I find myself wondering whether I want to be bothered with the Labour Party any more. Increasingly, it seems to me, the Greens reflect the philosophical and moral values to which I subscribe more accurately than the Labour Party whose philosophical and moral values are now so ill-defined as to be beyond definition.
Strong words from a (I suspect) lifetime Labour supporter.
I’m a socialist at heart and, whatever it is, New Zealand Labour is not a socialist party. It wasn’t just Rogernomics that scotched that idea; Tony Blair’s ‘third way’, a significant influence on the Fifth Labour Government, was really just a watered down version of Douglas’s ‘trickle-down’ economics. The ‘third way’ was, by definition, a ‘middle-way’, neither one thing nor the other and ill-suited to political idealism of any stripe – a Clayton’s political philosophy.
I read that Labour’s new leader, David Shearer, wants to move the party to that ideological no-man’s-land that is ‘the centre’. National already occupies that space but, as the distinctions between Key and Shearer lose focus – both promising to deliver ‘a brighter future’ and the Labour leader ditching policies specifically directed at putting more money into the pockets of the poor – I’ve no doubt that an accommodation can be reached between centre-right and centre-left.
Personally I am glad Labour is (mainly) not a socialist party. Socialism doesn’t work. It has been tried in dozens of countries, and nationalising the means of production etc is a failed experiment.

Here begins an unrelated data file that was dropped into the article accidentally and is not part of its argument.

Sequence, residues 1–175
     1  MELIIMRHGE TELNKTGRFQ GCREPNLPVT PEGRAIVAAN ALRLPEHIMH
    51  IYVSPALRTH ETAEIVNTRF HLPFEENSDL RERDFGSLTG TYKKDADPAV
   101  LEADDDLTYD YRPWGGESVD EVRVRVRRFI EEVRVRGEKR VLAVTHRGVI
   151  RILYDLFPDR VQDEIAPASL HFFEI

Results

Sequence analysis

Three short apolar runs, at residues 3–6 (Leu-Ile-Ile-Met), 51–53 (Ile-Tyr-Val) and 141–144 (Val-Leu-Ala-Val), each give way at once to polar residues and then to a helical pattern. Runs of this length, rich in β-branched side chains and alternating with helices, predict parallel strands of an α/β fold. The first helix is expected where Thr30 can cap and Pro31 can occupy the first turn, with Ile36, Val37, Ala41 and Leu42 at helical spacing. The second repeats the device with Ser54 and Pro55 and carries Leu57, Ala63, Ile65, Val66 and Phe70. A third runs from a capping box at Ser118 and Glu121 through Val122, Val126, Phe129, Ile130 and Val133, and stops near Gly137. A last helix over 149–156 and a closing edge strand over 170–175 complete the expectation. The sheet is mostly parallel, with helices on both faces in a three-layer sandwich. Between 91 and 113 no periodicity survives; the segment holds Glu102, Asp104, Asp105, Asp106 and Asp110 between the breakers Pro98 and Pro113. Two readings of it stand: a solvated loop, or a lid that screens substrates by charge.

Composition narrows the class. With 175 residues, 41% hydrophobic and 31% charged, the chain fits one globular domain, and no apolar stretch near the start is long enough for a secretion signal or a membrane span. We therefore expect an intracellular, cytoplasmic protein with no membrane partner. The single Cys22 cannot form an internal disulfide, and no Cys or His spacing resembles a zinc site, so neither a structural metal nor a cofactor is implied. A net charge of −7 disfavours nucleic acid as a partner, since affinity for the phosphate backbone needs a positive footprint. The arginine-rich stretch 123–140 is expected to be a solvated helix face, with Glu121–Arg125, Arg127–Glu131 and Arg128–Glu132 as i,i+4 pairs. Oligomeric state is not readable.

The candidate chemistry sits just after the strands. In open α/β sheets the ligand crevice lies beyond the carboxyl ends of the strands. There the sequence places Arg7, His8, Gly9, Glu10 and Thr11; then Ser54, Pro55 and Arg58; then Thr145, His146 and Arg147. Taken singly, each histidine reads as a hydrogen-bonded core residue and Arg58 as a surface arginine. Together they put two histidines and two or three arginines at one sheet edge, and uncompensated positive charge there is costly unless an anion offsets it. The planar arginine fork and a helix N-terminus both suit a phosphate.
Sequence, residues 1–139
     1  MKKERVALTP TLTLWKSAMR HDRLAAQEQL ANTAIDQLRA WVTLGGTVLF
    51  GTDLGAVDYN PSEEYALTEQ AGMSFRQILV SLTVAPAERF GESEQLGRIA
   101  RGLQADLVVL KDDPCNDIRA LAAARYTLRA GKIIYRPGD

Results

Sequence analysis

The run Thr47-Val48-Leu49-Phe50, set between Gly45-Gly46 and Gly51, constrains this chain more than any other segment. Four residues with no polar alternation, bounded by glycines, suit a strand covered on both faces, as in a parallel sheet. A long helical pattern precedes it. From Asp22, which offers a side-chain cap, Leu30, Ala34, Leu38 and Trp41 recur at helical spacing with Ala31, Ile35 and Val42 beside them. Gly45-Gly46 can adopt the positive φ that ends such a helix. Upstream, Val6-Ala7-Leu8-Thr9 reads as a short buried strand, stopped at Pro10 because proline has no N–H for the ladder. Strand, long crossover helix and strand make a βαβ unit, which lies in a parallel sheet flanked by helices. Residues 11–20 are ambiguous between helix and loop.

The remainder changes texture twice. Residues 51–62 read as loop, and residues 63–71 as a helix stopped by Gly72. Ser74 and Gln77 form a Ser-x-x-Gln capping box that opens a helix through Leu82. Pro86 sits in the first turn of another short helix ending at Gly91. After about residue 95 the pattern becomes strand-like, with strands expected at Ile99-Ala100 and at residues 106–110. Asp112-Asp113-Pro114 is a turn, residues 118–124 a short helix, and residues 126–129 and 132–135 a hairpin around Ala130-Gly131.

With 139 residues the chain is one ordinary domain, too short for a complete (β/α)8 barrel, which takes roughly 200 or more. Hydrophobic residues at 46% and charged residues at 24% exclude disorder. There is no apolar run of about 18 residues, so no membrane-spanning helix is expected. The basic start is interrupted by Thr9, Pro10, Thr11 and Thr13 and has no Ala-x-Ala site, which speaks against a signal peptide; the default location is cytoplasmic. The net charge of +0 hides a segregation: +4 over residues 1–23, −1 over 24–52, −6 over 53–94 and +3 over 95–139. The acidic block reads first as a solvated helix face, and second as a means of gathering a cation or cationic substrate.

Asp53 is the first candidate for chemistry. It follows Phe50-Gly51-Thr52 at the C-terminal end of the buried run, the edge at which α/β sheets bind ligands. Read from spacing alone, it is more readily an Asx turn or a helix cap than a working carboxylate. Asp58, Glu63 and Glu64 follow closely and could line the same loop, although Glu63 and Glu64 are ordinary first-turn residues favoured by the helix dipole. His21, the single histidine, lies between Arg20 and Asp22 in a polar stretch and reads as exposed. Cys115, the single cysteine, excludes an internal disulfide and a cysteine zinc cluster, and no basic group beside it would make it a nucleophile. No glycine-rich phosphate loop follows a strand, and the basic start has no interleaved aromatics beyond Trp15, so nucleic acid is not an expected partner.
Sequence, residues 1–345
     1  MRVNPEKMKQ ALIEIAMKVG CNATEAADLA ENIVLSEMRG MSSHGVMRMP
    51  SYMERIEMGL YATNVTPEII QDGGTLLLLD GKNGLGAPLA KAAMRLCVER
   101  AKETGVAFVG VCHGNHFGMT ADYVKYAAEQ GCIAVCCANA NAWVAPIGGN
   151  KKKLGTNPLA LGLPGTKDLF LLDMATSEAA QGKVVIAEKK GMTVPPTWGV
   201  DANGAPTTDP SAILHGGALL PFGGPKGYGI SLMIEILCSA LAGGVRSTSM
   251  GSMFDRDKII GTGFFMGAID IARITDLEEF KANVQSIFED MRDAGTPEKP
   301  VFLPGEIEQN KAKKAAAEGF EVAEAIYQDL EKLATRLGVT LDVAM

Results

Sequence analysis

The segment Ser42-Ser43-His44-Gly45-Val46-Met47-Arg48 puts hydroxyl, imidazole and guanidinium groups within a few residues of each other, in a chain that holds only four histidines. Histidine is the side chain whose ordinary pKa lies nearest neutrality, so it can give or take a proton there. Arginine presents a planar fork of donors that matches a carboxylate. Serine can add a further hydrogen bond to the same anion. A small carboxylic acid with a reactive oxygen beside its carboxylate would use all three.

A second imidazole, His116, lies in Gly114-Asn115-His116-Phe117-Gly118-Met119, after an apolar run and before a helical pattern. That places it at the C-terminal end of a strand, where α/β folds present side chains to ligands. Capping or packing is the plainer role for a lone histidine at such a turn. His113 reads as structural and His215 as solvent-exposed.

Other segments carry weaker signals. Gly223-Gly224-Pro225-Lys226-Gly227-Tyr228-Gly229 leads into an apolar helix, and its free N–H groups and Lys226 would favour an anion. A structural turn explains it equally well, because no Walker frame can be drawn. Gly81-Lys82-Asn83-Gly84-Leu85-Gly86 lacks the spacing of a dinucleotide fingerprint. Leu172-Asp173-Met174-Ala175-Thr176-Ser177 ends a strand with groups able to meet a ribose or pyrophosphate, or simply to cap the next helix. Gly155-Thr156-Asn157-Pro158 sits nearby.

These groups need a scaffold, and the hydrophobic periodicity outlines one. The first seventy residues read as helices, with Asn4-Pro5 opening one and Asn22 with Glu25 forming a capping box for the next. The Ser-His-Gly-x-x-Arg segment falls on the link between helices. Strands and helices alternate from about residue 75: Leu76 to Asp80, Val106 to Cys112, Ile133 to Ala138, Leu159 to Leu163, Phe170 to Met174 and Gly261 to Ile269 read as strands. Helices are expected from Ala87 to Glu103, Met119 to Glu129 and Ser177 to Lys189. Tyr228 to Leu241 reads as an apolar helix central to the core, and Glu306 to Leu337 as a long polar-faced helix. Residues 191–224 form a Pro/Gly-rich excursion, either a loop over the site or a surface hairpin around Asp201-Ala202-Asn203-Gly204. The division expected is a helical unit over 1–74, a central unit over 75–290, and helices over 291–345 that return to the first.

I’m a firm believer in progressive taxation – ‘From each according to his ability, to each according to his needs,’ as Marx so neatly put it. You can call that Communism or Socialism or pure Christianity. It doesn’t really matter. What matters is the core principle that the strong should support the weak. So it’s good that Labour’s new leader is at least intent on keeping a Capital Gains Tax as Labour policy. The earnings of the rich should be taxed to support the poor.
They are. Families below $50,000 income effectively pay no net tax at all. We have a massively progressive tax system. If Brian feels it is not progressive enough, well Treasury does accept donations 🙂
But I’m not comfortable with Mr Shearer’s reported intention to move the party ‘to the centre’. It’s a misnomer for one thing. Labour is already in the centre. It has already lost its working-class constituency. Any move ‘to the centre’ will merely be, as the share-brokers say, ‘a technical correction’, not as extreme as in ‘84 but a move to the right nonetheless.
What Labour politics now seem to be about is finding ‘sellable’ policies and a ‘sellable’ leader in order to regain power. (For National read ‘retain power’.) What Green politics seem to be about is persuading people to come across to policies not obviously or immediately founded in self-interest, but in the long-term interests of all of us and (there’s no avoiding it) of the planet. No doubt they’d like to be in government too. But it doesn’t seem to be their primary motivation.
So I find myself wondering…
The harsh reality is that Labour has a better chance of gaining power if they do lose left-wing voters to the Greens, so long as they pick up some centrist voters from National.